— Donald J. Trump (@realDonaldTrump) January 3, 2018
The people of Iran are finally acting against the brutal and corrupt Iranian regime. All of the money that President Obama so foolishly gave them went into terrorism and into their “pockets.” The people have little food, big inflation and no human rights. The U.S. is watching!
— Donald J. Trump (@realDonaldTrump) January 2, 2018
Iran is failing at every level despite the terrible deal made with them by the Obama Administration. The great Iranian people have been repressed for many years. They are hungry for food & for freedom. Along with human rights, the wealth of Iran is being looted. TIME FOR CHANGE!
— Donald J. Trump (@realDonaldTrump) January 1, 2018
“I wish our friends in Europe were a little more outspoken about it,” Bolton said. “The standard position of the Ayatollah is to blame the West and the United Kingdom.”
Iran’s Supreme Leaders Ayatollah Sayyid Ali Khamenei has blamed “Americans and Zionists” for the Iran protests.
“We’ve got a strategic reason here to want to see this regime overthrown. And I’ve been saying over 10 years that it ought to be American policy to see the overthrow of this regime,” Bolton said.
He said: “The real $64 question” is “what to do about the Iranian nuclear deal.” Trump faces the decision about whether he will waive out of the deal by Friday and whether the United States will slap sanctions on the entities that received economic relief under the previous administration. “The sooner the president abrogates it entirely and creates a new international reality, the better.”
Bolton said, “I would without hesitation abrogate the nuclear deal, call the sanctions into effect … This is the last point at which we should step aside and not try to take advantage of it.”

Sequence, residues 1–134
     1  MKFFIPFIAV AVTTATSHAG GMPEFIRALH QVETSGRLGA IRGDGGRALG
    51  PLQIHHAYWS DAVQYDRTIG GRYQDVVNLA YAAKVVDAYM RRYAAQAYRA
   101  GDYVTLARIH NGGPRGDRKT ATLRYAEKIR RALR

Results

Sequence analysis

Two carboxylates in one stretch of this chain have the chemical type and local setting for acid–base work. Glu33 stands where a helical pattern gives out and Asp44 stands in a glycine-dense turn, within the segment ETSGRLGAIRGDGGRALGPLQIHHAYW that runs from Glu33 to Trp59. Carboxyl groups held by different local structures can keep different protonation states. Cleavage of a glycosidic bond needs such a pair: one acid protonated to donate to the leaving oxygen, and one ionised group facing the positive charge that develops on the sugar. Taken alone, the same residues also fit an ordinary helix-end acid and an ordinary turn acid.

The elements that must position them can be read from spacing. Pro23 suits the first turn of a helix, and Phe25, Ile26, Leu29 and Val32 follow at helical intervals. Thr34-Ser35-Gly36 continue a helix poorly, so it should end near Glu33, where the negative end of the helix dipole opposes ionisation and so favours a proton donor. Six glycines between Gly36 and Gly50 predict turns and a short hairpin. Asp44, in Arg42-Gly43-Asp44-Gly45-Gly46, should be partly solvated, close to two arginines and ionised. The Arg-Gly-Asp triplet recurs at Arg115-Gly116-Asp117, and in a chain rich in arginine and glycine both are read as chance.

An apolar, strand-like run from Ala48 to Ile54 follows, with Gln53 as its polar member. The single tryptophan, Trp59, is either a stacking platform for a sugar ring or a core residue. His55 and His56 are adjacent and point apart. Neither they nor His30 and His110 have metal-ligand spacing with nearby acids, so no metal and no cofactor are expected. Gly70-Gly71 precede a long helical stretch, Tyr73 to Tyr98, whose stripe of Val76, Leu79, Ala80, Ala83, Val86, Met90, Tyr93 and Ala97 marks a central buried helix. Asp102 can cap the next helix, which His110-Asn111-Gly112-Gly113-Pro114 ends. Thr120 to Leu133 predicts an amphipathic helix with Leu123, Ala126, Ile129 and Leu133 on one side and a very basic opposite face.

Congressman Doug Lamborn (R-CO) and Congressman Steve King (R-IA) were also at the panel discussion. “The people of Iran just want freedom and they’re not getting it from this regime. And we missed such a golden moment in 2009,” Lamborn said. “We can’t miss that opportunity now.”
Political analyst Omri Ceren, who serves as an adviser to The Israel Project, said, “the technical decision the president faces is whether or not to waive a series of sanctions. As you remember, the Iran deal did not go over particularly well in Congress.” He added, “no sanctions were repealed. Instead, the then President [Barack Obama] availed himself of a bunch of waivers, including four waivers that need to be renewed … The question is whether or not he waives those sanctions and if he stays in the deal or not.”
He noted that sanctions on the Central Bank of Iran, “which we believe is engaged in a variety of terror financing,” and Supreme Leader Ayatollah Sayyid Ali Khamenei’s personal empire, “his business empire worth tens of billions of dollars, were granted as nuclear relief” under Obama.